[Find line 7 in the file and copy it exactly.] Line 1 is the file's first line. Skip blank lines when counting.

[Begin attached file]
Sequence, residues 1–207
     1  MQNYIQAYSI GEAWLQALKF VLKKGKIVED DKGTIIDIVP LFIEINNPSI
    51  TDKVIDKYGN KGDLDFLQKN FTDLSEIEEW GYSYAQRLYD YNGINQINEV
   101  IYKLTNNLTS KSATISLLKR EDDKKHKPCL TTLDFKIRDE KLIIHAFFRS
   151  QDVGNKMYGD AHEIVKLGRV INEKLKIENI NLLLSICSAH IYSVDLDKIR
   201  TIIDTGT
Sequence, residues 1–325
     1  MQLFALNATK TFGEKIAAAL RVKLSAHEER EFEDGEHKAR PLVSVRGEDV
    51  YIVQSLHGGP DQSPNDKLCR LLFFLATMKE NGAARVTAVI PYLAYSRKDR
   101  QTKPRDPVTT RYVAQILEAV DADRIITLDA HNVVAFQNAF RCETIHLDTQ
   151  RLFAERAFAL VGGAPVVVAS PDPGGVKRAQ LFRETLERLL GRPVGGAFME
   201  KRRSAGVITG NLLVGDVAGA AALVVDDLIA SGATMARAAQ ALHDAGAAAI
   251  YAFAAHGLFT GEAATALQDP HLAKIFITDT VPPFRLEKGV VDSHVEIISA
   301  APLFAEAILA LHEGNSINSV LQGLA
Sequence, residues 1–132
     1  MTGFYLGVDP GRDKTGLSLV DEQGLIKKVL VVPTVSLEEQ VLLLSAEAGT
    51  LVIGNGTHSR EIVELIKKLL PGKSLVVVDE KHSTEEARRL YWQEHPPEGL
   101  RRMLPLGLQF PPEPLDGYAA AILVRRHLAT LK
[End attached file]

Sequence, residues 1–325